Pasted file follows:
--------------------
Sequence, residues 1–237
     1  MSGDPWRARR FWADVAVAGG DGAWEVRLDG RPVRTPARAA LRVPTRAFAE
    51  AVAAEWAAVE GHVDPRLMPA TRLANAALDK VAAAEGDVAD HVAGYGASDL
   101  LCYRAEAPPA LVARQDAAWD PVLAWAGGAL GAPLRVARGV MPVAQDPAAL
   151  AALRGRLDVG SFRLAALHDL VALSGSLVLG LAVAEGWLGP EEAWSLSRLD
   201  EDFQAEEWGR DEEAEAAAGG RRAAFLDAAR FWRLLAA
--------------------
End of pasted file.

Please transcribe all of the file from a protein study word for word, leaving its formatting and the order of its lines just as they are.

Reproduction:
Sequence, residues 1–237
     1  MSGDPWRARR FWADVAVAGG DGAWEVRLDG RPVRTPARAA LRVPTRAFAE
    51  AVAAEWAAVE GHVDPRLMPA TRLANAALDK VAAAEGDVAD HVAGYGASDL
   101  LCYRAEAPPA LVARQDAAWD PVLAWAGGAL GAPLRVARGV MPVAQDPAAL
   151  AALRGRLDVG SFRLAALHDL VALSGSLVLG LAVAEGWLGP EEAWSLSRLD
   201  EDFQAEEWGR DEEAEAAAGG RRAAFLDAAR FWRLLAA